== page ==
“There is no evidence that the “monkey thing” was invented to support evolution. It seems to have been developed to make a point about statistical mechanics, and was later adopted by creationists as an easy strawman to dismember.”

    If anyone wants to trace this attribution, a post at the ASA indicates that in at least one instance the attribution to TH Huxley came from the book Mysterious Universe in 1930. If anyone wants to research it, the book is currently on sale at ebay. If anyone purchases the book, I’d love for you to mail me and tell me what it says.

  11. 11
    Lurker says:

    “Speaking of infinity, if a line has a beginning but no end, is it shorter than another line with no beginning or end? Infinity is a term that exists in mathematics, but not in the real world. You could say that there are an infinite number of points on a circle, but not really. For that to be true, they would need to be infinitely small (zero width).”

    I agree and think most people don’t think this stuff through. They assume real infinities in the physical world exist because it’s in all the math books. Imaginary numbers are in math books too.

  12. 12
    bFast says:

    Isn’t this entire discussion about the nature of infinity tightly associated with Dembski’s Universal Probability Bound? Though I think that some of the hypotheses that Dembski presents in the context of UPB are open to being challenged, the general concept of “this is the point of rediculous”, that if something is less likely than some majic number it is safe to say it didn’t happen by chance, is a necessary concept. Alas, even this, Dembski’s most basic premise, seems to be rejected by the biological community. It seem that the biological community recognizes that if they admit to a ‘point of rediculous’ the current theory will be ridiculed.

  13. 13
    Mung says:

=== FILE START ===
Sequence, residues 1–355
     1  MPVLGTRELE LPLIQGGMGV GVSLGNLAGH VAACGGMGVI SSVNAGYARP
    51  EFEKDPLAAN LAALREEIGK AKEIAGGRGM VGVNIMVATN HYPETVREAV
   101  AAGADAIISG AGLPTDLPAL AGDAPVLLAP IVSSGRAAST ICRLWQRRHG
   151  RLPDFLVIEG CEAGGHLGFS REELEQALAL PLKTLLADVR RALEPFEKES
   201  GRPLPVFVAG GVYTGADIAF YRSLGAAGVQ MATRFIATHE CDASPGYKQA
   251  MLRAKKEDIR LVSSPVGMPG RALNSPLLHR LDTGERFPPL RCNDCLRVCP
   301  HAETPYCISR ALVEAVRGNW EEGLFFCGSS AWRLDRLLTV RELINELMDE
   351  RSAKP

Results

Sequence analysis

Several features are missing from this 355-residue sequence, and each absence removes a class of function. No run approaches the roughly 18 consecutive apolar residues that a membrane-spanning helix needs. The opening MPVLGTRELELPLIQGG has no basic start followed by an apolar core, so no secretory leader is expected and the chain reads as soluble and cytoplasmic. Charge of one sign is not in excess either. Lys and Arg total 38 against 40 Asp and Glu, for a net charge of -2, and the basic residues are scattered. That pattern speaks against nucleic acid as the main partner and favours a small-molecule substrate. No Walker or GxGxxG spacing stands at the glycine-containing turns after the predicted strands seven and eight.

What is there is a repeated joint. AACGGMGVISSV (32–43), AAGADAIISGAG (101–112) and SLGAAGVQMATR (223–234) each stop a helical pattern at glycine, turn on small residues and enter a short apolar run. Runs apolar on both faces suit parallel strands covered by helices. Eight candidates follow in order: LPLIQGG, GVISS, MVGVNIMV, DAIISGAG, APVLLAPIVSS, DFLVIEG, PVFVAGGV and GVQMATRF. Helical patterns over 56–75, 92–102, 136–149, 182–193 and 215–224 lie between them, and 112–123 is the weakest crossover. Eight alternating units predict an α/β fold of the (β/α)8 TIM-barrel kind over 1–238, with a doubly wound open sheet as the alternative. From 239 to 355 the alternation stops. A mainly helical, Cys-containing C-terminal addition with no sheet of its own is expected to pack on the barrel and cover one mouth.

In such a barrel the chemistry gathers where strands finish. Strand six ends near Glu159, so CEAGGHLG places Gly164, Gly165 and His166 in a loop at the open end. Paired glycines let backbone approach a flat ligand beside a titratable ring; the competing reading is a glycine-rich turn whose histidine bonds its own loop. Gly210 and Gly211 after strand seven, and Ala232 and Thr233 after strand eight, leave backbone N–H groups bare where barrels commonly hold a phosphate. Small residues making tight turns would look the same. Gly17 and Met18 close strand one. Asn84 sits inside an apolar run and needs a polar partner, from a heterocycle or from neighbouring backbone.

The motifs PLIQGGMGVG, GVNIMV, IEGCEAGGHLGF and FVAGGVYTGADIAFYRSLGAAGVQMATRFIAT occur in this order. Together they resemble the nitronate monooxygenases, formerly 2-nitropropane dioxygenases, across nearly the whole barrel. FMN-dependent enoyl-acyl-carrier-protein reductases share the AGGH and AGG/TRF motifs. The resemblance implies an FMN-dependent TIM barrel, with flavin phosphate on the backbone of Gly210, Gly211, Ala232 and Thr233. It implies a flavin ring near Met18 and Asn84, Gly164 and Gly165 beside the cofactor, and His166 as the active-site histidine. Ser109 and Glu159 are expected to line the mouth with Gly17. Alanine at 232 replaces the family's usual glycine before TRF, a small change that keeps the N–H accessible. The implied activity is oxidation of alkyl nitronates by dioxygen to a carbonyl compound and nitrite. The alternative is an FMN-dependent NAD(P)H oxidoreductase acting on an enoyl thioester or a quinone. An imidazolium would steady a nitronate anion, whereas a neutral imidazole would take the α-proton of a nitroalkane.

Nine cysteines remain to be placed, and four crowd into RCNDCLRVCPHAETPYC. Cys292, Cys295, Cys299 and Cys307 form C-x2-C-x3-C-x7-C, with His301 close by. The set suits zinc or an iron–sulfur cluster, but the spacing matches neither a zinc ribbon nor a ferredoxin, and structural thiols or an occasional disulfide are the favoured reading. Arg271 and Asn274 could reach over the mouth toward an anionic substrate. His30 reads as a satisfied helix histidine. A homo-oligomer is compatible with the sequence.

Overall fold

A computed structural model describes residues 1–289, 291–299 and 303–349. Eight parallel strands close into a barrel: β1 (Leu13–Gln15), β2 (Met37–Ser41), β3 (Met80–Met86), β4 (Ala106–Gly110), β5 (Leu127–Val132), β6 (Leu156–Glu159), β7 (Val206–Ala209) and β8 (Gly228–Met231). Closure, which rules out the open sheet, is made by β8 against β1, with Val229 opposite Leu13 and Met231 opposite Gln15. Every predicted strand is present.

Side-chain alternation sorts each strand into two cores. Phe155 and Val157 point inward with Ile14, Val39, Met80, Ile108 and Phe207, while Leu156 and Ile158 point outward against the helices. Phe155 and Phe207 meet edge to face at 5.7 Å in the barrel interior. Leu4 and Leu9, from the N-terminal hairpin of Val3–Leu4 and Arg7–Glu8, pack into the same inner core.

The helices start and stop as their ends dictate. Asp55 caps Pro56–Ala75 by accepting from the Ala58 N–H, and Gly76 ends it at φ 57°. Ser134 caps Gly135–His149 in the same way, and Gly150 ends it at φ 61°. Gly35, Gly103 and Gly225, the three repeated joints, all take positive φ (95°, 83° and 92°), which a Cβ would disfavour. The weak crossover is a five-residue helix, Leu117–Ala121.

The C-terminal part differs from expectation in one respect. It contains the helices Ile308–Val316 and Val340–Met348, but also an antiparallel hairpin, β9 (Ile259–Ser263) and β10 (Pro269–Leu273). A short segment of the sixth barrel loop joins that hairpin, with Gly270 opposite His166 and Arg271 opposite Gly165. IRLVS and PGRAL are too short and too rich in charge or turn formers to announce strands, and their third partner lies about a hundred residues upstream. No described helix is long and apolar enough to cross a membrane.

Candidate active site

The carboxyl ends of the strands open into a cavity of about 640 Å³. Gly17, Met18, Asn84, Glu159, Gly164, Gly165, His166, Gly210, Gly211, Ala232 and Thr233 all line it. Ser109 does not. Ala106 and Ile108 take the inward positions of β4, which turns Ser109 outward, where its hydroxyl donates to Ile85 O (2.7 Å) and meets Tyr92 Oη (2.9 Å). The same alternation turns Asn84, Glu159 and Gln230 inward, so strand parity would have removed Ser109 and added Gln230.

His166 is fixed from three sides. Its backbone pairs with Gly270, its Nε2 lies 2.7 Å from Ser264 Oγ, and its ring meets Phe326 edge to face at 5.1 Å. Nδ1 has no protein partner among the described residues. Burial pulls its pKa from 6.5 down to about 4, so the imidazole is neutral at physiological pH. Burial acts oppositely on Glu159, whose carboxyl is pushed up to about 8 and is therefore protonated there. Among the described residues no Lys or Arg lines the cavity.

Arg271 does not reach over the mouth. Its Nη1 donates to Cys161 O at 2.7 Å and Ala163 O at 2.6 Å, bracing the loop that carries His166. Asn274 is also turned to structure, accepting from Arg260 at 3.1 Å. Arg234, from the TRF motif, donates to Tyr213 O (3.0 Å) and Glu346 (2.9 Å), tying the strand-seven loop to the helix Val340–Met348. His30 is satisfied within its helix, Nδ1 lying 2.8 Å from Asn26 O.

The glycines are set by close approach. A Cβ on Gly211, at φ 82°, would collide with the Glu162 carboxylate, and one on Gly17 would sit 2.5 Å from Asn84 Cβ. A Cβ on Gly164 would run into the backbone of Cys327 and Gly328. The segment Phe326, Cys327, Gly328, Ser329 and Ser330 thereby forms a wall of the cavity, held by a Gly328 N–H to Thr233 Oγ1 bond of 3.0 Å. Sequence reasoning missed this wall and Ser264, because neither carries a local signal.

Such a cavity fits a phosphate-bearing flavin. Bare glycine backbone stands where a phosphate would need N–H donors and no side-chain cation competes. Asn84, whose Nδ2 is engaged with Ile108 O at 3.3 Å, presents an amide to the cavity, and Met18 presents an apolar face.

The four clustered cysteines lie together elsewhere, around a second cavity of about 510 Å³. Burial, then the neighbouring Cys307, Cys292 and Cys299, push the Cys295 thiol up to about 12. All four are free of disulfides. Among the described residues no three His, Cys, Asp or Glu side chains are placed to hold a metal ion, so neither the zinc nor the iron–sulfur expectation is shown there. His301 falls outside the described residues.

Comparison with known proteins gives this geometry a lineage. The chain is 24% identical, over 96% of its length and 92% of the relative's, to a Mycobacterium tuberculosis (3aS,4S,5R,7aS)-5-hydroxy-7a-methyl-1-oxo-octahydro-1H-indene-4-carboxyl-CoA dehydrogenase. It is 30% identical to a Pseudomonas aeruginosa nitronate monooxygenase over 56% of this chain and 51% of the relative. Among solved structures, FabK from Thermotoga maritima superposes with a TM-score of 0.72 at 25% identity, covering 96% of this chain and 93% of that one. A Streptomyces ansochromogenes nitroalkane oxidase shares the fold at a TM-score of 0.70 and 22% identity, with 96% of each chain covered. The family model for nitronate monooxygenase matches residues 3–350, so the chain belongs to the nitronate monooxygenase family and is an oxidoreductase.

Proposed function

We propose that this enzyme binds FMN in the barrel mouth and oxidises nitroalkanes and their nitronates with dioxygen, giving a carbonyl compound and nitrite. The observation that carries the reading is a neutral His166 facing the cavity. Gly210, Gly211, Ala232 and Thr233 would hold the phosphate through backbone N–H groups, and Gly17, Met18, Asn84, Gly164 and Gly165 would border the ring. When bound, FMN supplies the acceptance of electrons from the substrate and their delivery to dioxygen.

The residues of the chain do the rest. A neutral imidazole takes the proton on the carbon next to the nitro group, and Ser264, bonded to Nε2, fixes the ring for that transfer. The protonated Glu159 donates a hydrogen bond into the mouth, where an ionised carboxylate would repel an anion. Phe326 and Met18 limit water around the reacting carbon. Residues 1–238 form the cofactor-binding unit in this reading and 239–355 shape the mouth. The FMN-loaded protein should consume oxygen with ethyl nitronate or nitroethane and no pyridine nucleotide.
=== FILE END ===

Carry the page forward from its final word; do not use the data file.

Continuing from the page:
Natural selection, being highly nonrandom, is not analogous to the monkey scenario.

    You don’t think that providing typewriters to the monkeys rather than pencils and erasers makes the results highly non-random?

  14. 14
    russ says:

    “You don’t think that providing typewriters to the monkeys rather than pencils and erasers makes the results highly non-random?

    Comment by Mung — June 16, 2006 @ 12:35 pm”

    Why even provide pencils and erasers? Given an infinite number of monkeys, surely some would eventually chop down a tree to build the body of a pencil, while others would stumble onto the manufacturing process necessary to produce long, skinny shafts of graphite.

  15. 15
    DaveScot says:

    You’re all wrong. An infinite number of monkeys would weigh enough to collapse into a black hole and they’d all be dead.

  16. 16
    terrylmirll says:

    In order for Huxley’s (yes, it WAS Huxley’s) infinite monkey analogy to have even the remotest chance of plausibility, you have to have three elements:
    1. An infinite number of monkeys
    2. An infinite number of typewriters
    3. An infinite amount of time.

    Since there’s no identifiable law of nature stating why the works of Shakespeare must exist, and since the Darwinists need to exclude design as a mode of causation, else, to quote Richard Lewontin, “allow a Divine foot in the door,” the only means the Darwinists have of explaining things that “appear” designed is chance. Thus they have to adhere to looney appeals to random events to explain an otherwise ordered universe.

    The problems with the ininite monkeys analogy, however, are obvious. There is no such thing as an infinite number of monkeys. There is no such thing as an infinite number of typewriters. And, as has been clearly demonstrated by Big Bang cosmology, THERE IS ABSOLUTELY NO SUCH THING AS AN INFINITE AMOUNT OF TIME. Sorry, Huxley, three strikes and you’re out.

    Excellent! -ds